Great Mosque of Damascus (Umayyad Mosque)
This historic 7th-century mosque stands on a site that has been sacred since 1000 BC. It has medieval mosaics on the facade and a shrine to John the Baptist inside.
This ancient city features an exceptionally long Roman street and other classical ruins. In the Byzantine era, it was home to Evagrius the church historian, Theodoret the bishop, and Monophysitism.
This important archaeological site has been called the Pompeii of the Syrian Desert. It was abandoned in the 3rd century and is home to the oldest surviving house-church and synagogue ever found.
Built in 1873, this church has two pointed towers and a high dome. The Maronites are Eastern Catholics in full communion with the Pope, with a liturgy in Syriac.
Chapel of St. Paul (Bab Kisan)
This stone chapel in Damascus incorporates materials from the Bab Kisan, the ancient gate through which Paul was lowered out of a window in Acts 9:25.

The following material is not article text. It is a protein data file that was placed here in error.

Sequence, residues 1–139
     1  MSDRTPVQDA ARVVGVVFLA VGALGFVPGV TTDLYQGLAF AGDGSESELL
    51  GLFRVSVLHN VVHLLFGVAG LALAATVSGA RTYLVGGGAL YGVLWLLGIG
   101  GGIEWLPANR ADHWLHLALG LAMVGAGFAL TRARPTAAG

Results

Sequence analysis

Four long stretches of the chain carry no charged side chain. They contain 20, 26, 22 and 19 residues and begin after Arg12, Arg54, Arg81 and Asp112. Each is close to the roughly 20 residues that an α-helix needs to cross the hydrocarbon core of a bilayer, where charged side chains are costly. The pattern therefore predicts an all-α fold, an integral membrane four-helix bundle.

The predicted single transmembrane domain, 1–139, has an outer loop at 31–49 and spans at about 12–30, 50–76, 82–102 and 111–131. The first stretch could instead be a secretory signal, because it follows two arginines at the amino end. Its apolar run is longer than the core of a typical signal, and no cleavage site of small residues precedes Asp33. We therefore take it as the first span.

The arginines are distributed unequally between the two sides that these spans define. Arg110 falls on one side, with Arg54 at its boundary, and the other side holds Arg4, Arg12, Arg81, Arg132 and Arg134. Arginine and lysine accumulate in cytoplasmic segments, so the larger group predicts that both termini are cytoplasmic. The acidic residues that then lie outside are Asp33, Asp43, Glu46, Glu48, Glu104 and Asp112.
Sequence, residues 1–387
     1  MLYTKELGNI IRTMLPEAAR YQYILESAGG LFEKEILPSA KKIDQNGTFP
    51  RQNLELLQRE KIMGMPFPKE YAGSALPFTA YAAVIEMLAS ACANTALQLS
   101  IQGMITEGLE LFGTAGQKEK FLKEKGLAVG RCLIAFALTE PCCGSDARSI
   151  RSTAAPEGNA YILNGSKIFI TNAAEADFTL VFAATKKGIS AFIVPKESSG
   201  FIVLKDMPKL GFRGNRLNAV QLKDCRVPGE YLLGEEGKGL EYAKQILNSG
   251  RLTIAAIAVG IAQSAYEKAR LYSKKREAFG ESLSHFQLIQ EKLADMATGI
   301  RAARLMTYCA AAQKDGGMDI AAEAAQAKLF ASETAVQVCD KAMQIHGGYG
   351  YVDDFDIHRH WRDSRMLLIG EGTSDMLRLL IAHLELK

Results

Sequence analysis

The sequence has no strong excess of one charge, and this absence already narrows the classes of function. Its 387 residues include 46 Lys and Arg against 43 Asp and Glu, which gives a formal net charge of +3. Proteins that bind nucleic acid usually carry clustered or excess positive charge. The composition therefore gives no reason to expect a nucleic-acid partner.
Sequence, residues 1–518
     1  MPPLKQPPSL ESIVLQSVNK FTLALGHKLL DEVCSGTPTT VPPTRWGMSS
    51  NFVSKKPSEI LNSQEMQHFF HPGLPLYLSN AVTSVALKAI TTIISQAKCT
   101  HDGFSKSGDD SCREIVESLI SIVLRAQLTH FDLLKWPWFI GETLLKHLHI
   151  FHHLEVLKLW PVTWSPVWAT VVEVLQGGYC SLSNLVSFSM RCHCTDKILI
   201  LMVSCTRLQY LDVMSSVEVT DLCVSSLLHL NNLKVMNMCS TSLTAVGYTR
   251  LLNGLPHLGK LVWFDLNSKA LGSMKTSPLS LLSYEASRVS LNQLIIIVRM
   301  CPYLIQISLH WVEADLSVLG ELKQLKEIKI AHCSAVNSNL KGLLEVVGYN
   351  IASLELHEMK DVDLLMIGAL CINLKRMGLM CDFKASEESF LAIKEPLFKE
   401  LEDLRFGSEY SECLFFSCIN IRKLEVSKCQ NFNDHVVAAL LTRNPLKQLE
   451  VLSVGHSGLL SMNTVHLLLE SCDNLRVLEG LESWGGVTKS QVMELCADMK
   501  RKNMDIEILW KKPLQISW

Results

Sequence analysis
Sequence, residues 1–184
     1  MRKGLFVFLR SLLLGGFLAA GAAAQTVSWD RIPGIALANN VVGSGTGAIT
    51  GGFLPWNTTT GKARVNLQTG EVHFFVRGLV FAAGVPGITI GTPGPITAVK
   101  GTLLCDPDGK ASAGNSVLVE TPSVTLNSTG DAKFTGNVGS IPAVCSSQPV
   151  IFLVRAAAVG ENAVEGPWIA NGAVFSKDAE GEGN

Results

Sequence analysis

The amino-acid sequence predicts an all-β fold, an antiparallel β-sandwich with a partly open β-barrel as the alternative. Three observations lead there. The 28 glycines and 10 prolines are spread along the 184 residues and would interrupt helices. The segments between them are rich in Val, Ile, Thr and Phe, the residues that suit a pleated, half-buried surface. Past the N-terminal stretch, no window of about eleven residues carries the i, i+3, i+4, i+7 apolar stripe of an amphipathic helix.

his historic street is as straight today as when it was walked by St. Paul. Today it contains many markets, the House of Ananias, several Roman arches and mosques.
Ugarit is a Bronze Age city (c.1450-1200 BC) whose ruins lie on the Mediterranean coast of Syria. Excavations have revealed the world's first linear alphabet and information about Canaanite religion.
Mar Mousa al-Habashi Monastery
The Monastery of Mar Mousa al-Habashi is an active monastery in the Syrian mountains that dates from the 6th century. It was founded by St. Moses the Ethiopian and is known for its beautiful ancient frescoes and peaceful atmosphere.